SYS@LABRAT1> 
SYS@LABRAT1> select /* test count */ count(col1) from kso.skew3;
 
COUNT(COL1)
-----------
  384000036
 
1 row selected.
 
Elapsed: 00:00:24.04
SYS@LABRAT1> select /* test count(rll) */ count(pk_col), count(col1), count(col2), count(col3), count(col4) from kso.skew3;
 
COUNT(PK_COL) COUNT(COL1) COUNT(COL2) COUNT(COL3) COUNT(COL4)
------------- ----------- ----------- ----------- -----------
    384000048   384000036   384000036   384000036   384000036
 
1 row selected.
 
Elapsed: 00:00:39.09
SYS@LABRAT1> select /* test max */ max(col1) from kso.skew3;
 
 MAX(COL1)
----------
   1000000
 
1 row selected.
 
Elapsed: 00:00:24.51
SYS@LABRAT1> select /* test max all */ max(pk_col), max(col1), max(col2), max(col3), max(col4) from kso.skew3;
 
MAX(PK_COL)  MAX(COL1) MAX(COL2)                      MAX(COL3) M
----------- ---------- ------------------------------ --------- -
 1.0000E+12    1000000 asddsadasd                     01-JAN-09 Y
 
1 row selected.
 
Elapsed: 00:00:57.32
SYS@LABRAT1> select /* test avg */ avg(col1) from kso.skew3;
 
 AVG(COL1)
----------
495000.194
 
1 row selected.
 
Elapsed: 00:00:30.00
SYS@LABRAT1> select /* test avg filter */ avg(col1) from kso.skew3 where col1 between 2 and 10000;
 
 AVG(COL1)
----------
 
 
1 row selected.
 
Elapsed: 00:00:13.97
SYS@LABRAT1> select /* test index */ avg(pk_col) from kso.skew where col1 = 136133;
 
AVG(PK_COL)
-----------
   15636133
 
1 row selected.
 
Elapsed: 00:00:00.00
SYS@LABRAT1> set echo off
SYS@LABRAT1> set timing off
SYS@LABRAT1> @fsx
Enter value for sql_text: % test %
Enter value for sql_id: 
Enter value for inst_id: 
 
 INST SQL_ID         CHILD  PLAN_HASH      EXECS     AVG_ETIME      AVG_LIO    AVG_PIO AVG_PX OFFLOADABLE IO_SAVED_% SQL_TEXT
----- ------------- ------ ---------- ---------- ------------- ------------ ---------- ------ ----------- ---------- ----------------------------------------
    1 1767x3dw3m8pa      0 2684249835          1         57.31    1,956,226  1,956,219      0 Yes               9.35 select /* test max all */ max(pk_col), m
    1 1wp72w4c5d449      0 2684249835          1         29.98    1,956,226  1,956,219      0 Yes              71.84 select /* test avg */ avg(col1) from kso
    1 46vd0hducqms8      0 1667163222          1        422.77    2,032,691  1,956,219      0 No                 .00 select /* test full */ * from kso.skew3
    1 5ry8vd8u0n0bf      0 2684249835          1         24.03    1,956,226  1,956,219      0 Yes              71.85 select /* test count */ count(col1) from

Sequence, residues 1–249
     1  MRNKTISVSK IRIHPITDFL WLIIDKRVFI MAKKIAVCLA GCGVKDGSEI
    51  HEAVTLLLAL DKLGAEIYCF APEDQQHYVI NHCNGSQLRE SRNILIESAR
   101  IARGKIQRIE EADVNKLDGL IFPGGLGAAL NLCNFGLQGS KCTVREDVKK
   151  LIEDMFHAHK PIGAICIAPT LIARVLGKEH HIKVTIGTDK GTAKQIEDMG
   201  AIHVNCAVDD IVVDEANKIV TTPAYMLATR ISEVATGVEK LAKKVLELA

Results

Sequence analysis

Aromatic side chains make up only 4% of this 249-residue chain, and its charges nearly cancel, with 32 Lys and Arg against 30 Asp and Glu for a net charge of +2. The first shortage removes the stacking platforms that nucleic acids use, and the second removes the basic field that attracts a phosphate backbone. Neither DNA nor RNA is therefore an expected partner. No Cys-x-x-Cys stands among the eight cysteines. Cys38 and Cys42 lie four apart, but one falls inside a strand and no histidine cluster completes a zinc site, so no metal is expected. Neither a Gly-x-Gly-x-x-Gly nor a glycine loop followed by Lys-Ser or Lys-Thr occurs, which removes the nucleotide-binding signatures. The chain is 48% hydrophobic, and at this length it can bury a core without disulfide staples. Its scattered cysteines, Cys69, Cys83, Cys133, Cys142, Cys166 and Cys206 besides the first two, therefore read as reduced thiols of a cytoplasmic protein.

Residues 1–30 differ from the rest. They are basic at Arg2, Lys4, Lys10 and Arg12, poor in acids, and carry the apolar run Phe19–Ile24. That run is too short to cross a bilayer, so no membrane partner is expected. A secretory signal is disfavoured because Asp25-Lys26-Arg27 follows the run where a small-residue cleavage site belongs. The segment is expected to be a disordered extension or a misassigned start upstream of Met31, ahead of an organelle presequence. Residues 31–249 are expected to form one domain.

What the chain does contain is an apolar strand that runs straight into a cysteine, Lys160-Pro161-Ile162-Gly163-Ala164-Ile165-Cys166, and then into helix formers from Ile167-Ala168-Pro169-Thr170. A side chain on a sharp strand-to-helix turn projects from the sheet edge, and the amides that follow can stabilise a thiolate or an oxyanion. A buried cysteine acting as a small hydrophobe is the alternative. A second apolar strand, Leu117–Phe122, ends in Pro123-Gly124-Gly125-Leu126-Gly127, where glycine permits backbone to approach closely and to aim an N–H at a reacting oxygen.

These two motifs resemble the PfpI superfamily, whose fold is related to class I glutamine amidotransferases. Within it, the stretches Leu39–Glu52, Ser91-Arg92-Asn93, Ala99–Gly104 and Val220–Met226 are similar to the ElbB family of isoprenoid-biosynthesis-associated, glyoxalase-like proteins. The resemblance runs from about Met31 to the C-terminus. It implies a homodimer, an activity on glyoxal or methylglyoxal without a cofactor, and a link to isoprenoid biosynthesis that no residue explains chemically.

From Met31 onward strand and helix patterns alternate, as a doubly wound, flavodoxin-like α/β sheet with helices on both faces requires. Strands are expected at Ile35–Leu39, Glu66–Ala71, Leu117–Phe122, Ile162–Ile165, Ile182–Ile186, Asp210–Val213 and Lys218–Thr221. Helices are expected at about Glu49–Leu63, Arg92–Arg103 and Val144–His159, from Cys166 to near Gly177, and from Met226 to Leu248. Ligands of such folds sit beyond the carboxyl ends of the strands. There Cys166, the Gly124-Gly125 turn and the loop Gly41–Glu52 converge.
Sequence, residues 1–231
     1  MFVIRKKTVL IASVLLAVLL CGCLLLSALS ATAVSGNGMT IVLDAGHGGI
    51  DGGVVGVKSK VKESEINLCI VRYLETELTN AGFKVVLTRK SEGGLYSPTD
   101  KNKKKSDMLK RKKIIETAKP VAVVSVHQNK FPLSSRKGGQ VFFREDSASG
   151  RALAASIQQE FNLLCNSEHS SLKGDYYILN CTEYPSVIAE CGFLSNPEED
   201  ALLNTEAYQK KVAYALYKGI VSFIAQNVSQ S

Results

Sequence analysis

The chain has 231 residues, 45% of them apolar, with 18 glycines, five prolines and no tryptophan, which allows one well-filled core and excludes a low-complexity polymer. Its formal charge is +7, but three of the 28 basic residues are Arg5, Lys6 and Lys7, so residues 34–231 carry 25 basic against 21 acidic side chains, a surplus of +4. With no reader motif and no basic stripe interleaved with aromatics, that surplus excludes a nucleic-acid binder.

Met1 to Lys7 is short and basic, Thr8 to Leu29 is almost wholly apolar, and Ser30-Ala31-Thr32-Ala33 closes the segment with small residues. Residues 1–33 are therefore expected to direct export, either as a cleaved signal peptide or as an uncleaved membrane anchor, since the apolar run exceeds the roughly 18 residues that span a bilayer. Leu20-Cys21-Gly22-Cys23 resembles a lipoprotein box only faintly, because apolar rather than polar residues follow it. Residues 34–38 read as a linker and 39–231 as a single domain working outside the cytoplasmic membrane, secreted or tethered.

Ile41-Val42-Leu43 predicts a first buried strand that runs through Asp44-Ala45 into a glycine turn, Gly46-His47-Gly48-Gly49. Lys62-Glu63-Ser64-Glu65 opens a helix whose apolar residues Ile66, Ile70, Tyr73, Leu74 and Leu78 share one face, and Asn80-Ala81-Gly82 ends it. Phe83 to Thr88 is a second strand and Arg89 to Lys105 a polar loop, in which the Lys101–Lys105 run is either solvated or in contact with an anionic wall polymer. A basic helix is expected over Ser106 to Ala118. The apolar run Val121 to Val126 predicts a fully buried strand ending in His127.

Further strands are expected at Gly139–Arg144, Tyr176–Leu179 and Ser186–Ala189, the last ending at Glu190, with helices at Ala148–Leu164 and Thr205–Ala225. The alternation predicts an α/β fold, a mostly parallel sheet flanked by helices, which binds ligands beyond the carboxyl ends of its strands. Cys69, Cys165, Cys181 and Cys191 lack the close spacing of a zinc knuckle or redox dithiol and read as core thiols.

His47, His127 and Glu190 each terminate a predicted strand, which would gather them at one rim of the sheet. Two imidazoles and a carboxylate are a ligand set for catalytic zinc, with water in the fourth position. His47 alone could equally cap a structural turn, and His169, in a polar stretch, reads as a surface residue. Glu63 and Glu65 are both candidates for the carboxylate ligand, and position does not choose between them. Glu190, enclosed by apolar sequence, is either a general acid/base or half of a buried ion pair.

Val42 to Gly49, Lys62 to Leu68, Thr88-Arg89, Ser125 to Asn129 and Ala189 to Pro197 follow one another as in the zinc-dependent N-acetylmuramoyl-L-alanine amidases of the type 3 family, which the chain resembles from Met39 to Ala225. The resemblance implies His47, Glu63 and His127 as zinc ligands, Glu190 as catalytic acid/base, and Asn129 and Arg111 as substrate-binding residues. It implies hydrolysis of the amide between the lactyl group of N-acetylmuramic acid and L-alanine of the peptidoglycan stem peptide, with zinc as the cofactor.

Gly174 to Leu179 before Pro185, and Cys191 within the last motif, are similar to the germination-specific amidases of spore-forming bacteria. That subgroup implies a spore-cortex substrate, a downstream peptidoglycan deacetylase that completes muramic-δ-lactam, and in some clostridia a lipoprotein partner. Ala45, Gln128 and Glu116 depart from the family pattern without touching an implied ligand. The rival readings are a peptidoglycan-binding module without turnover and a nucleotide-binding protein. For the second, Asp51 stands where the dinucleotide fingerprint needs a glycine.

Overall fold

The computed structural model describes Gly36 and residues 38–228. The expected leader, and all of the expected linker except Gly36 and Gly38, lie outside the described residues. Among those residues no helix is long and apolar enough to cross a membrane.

1 6jtf4rnxu2dq7      0 2684249835          1         24.50    1,956,226  1,956,219      0 Yes              71.85 select /* test max */ max(col1) from kso
    1 8pfxs6mdf62mq      0 3723858078          1           .00           35          0      0 No                 .00 select /* test index */ avg(pk_col) from
    1 abwyftyy395gk      0 2684249835          1         13.96    1,956,226  1,956,219      0 Yes              99.99 select /* test avg filter */ avg(col1) f
    1 fxpkhxt4jwqqm      0 2684249835          1         39.08    1,956,226  1,956,219      0 Yes               9.35 select /* test count(rll) */ count(pk_co
 
8 rows selected.

So I did several queries. Some were off-loadable and some were not. Then I ran the script to see what how the statements had been handled. There are a couple of things to note here:

  1. I used IO_CELL_OFFLOAD_ELIGIBLE_BYTES in V$SQL to indicate whether a statement can be offloaded or not.
    (i.e. decode(IO_CELL_OFFLOAD_ELIGIBLE_BYTES,0,’No’,’Yes’) Offloadable) Note, if you run this script on a non-Exadata 11gR2 database, all the SQL statements should show up as Offloadable=NO.
  2. All the statements using the aggregate functions (max,count,avg…) are marked as off-loadable even though the functions themselves are not off-loadable. Projection accounts for the reduced IO (limited to columns requested) and the marking as off-loadable. Note that the statement commented “test max all” shows almost no reduction in IO (it applies the max function to every column in the table). I’m not yet sure why there was a slight reduction in I/O even with all columns listed. And by the way, V$SQLFN_METADATA has a list of all valid functions and whether they are off-loadable or not (none of the aggregate functions are).
  3. It appears the statements selecting all columns with no where clause are not off-loadable (no filter predicate or column projection).
  4. Statements using index range scans are not off-loadable (the optimizer has to pick a plan with a full scan). Check out the statement commented “test index” for an example.